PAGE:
New Yorker Piece on Bellow
There is a lovely piece
in the New Yorker which comprises Saul Bellow's responses to Phillip Roth on his novels Augie March
, Seize the Day
, and Henderson the Rain King
. Most of it deals with Augie March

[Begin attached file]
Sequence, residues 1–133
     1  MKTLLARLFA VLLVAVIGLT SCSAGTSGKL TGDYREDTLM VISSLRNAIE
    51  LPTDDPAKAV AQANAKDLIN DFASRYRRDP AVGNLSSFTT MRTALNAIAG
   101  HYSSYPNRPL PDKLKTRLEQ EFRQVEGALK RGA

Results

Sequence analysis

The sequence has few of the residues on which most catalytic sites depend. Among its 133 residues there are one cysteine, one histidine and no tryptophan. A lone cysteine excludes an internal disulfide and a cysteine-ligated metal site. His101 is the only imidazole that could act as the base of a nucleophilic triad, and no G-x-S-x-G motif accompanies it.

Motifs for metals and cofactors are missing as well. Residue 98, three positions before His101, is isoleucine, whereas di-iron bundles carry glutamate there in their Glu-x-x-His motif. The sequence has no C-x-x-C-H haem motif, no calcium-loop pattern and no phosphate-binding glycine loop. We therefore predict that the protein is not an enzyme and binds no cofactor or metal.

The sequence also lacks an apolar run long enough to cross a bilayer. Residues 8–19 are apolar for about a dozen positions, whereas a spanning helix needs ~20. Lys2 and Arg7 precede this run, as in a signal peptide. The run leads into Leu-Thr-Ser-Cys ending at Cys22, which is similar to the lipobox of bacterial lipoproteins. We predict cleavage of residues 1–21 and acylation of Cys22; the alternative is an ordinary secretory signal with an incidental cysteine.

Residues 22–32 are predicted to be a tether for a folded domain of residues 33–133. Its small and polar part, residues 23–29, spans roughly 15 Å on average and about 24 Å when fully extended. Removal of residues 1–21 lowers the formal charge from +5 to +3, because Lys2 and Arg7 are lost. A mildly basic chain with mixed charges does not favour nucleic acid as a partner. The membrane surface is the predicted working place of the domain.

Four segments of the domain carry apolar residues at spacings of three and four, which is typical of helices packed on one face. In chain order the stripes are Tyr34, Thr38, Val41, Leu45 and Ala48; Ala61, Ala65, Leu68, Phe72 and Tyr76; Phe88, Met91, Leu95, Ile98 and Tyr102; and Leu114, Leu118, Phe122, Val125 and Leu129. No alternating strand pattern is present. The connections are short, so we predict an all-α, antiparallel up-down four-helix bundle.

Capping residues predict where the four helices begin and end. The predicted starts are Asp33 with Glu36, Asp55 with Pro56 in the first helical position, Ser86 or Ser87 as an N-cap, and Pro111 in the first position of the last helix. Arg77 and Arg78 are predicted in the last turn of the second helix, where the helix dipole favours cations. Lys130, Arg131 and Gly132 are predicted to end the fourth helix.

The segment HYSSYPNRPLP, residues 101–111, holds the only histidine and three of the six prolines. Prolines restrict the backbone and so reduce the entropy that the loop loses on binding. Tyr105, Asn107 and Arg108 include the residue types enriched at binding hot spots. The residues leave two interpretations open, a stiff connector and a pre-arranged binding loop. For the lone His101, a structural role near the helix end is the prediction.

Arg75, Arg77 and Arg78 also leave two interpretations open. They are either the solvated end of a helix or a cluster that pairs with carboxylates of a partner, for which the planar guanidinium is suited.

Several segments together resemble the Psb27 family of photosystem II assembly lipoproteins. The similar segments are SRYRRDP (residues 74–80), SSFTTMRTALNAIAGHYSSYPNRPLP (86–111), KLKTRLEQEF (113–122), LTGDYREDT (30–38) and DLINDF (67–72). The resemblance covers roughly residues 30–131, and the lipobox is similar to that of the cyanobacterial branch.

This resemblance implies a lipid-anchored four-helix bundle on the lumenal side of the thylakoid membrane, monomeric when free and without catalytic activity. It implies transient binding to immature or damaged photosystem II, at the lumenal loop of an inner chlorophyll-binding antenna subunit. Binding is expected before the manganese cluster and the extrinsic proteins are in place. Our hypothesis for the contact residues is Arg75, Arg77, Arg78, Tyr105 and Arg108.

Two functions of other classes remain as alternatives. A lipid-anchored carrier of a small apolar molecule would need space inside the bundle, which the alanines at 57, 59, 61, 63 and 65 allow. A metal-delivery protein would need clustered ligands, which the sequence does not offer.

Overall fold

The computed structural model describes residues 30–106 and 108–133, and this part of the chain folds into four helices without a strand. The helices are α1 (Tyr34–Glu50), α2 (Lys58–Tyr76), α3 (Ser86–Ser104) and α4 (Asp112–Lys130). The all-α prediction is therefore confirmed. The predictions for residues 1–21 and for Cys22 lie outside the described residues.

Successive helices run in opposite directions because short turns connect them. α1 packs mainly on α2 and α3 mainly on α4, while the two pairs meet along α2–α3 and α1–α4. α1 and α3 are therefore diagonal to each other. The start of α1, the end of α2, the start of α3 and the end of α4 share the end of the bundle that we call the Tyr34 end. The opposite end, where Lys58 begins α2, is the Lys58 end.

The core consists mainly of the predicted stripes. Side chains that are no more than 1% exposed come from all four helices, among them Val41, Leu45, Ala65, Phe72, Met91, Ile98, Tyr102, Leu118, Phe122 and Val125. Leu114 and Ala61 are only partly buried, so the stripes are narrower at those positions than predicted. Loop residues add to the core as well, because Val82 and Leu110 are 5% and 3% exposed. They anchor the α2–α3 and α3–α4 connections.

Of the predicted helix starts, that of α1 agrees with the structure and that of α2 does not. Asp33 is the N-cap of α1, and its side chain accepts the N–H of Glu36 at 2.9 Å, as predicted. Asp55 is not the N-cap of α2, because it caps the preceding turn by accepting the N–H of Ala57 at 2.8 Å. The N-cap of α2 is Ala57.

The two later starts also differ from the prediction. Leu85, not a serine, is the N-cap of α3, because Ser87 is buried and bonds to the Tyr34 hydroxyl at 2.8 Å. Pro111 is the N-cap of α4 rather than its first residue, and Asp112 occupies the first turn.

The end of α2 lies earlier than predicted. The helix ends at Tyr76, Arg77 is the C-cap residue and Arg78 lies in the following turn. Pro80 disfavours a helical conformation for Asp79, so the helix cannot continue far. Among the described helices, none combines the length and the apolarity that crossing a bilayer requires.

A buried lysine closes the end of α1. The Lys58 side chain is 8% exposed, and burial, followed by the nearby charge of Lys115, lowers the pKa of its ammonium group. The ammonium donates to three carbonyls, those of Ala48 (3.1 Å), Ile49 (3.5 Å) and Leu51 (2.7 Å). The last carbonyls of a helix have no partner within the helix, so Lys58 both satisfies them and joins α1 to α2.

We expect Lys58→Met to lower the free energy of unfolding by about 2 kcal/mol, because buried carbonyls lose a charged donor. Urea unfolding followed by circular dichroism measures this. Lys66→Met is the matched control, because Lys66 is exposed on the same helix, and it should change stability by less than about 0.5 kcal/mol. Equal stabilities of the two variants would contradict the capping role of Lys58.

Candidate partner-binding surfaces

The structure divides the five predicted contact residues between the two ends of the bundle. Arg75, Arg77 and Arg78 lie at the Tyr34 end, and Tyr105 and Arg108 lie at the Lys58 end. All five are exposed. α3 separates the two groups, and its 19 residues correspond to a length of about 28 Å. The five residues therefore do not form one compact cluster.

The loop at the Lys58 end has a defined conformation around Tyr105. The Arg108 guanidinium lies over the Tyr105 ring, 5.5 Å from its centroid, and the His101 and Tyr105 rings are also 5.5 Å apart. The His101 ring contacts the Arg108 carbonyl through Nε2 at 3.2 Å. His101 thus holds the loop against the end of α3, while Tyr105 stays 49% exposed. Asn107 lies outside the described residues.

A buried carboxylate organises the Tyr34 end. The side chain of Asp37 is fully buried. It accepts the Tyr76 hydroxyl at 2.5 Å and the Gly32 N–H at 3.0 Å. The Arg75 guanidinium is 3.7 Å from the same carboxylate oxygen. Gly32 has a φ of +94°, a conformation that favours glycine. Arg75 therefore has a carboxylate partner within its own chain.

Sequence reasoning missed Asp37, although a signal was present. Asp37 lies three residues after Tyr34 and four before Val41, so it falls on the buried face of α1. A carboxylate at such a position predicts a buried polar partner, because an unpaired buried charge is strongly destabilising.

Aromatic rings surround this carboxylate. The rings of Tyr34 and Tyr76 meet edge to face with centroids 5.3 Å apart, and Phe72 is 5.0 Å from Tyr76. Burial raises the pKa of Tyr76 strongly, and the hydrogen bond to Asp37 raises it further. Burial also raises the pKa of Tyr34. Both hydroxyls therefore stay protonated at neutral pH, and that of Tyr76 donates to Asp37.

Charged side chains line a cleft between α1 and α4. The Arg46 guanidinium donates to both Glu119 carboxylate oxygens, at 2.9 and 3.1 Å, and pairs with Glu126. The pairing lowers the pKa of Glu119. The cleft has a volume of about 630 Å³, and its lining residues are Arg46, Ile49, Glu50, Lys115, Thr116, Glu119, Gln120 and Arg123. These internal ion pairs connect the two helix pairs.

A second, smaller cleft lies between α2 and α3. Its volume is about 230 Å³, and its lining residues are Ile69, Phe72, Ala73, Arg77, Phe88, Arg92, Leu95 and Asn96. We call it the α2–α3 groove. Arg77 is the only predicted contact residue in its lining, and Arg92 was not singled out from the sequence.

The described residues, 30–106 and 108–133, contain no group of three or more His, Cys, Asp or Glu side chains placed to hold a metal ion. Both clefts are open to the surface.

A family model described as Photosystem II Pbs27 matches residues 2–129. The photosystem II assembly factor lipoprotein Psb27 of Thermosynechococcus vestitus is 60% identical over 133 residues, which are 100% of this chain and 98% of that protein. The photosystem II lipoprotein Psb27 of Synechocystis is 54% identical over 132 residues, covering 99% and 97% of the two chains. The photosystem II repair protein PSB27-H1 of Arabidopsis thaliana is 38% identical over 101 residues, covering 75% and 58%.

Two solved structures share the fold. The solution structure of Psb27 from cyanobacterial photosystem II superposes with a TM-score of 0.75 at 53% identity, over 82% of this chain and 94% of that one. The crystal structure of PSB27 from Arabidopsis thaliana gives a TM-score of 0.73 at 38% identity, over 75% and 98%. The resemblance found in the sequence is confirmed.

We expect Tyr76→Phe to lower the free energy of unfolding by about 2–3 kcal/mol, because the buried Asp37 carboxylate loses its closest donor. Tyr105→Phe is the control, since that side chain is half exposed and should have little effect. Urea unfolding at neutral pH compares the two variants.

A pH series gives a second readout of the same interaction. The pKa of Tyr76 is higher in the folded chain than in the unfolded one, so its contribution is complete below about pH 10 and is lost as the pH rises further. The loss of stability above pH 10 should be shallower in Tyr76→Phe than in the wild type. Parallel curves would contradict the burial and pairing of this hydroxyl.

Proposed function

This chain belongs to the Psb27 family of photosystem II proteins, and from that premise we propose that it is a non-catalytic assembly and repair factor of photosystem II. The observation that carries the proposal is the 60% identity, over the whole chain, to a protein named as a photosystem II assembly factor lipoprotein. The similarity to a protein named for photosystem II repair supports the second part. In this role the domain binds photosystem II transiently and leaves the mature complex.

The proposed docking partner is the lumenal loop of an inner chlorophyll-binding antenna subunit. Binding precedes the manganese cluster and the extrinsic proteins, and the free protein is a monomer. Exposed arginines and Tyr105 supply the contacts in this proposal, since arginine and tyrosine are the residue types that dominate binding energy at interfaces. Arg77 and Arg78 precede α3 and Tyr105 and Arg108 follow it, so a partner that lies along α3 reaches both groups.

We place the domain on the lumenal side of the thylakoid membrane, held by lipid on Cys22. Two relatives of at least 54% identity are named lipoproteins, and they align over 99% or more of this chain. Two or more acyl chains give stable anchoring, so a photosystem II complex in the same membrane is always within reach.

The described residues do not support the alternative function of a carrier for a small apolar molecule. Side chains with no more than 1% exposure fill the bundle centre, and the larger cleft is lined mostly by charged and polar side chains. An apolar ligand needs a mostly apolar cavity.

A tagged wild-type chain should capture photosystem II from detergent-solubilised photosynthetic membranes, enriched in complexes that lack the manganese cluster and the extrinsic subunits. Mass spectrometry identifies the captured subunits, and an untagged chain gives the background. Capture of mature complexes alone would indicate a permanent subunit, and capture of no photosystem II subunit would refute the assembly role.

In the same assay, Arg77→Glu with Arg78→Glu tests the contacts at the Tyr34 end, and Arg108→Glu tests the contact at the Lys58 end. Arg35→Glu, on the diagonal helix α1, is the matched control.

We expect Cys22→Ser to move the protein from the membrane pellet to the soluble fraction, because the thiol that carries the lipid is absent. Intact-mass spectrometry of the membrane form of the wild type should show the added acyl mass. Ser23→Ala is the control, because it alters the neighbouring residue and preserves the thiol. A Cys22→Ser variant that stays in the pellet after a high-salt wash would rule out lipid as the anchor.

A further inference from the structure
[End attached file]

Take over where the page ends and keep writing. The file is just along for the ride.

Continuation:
, which reflects somewhat Bellow's memory and passage into old age. It's amazing to see how the great man's memory cycles over the important episodes of his life: a walk along the Paris streets, the supreme indignity his uncle suffered (by the dictates of a father) to work with hog bristles as a brushmaker, a trip to Mexico in defiance of another "tyrannical" father. All emerge as sparks of what he became. It's pretty fascinating; Bellow at his most vulnerable.